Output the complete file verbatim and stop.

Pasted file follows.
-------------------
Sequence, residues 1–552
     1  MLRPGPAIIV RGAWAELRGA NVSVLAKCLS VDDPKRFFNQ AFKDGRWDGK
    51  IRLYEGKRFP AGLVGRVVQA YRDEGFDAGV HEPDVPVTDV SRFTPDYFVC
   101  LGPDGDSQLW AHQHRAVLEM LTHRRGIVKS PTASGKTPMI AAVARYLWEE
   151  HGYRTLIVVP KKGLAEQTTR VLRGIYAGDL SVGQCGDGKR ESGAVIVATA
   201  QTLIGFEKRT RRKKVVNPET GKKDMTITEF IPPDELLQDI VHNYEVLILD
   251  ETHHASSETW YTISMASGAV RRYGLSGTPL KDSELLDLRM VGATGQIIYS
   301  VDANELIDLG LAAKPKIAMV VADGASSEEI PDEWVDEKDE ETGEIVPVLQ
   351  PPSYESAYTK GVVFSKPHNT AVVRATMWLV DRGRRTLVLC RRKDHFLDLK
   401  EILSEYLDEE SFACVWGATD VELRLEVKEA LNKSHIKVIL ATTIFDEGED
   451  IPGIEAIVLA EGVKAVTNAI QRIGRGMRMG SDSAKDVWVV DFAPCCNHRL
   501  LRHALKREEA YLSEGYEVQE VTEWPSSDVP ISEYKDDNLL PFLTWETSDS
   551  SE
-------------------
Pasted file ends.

Sequence, residues 1–552
     1  MLRPGPAIIV RGAWAELRGA NVSVLAKCLS VDDPKRFFNQ AFKDGRWDGK
    51  IRLYEGKRFP AGLVGRVVQA YRDEGFDAGV HEPDVPVTDV SRFTPDYFVC
   101  LGPDGDSQLW AHQHRAVLEM LTHRRGIVKS PTASGKTPMI AAVARYLWEE
   151  HGYRTLIVVP KKGLAEQTTR VLRGIYAGDL SVGQCGDGKR ESGAVIVATA
   201  QTLIGFEKRT RRKKVVNPET GKKDMTITEF IPPDELLQDI VHNYEVLILD
   251  ETHHASSETW YTISMASGAV RRYGLSGTPL KDSELLDLRM VGATGQIIYS
   301  VDANELIDLG LAAKPKIAMV VADGASSEEI PDEWVDEKDE ETGEIVPVLQ
   351  PPSYESAYTK GVVFSKPHNT AVVRATMWLV DRGRRTLVLC RRKDHFLDLK
   401  EILSEYLDEE SFACVWGATD VELRLEVKEA LNKSHIKVIL ATTIFDEGED
   451  IPGIEAIVLA EGVKAVTNAI QRIGRGMRMG SDSAKDVWVV DFAPCCNHRL
   501  LRHALKREEA YLSEGYEVQE VTEWPSSDVP ISEYKDDNLL PFLTWETSDS
   551  SE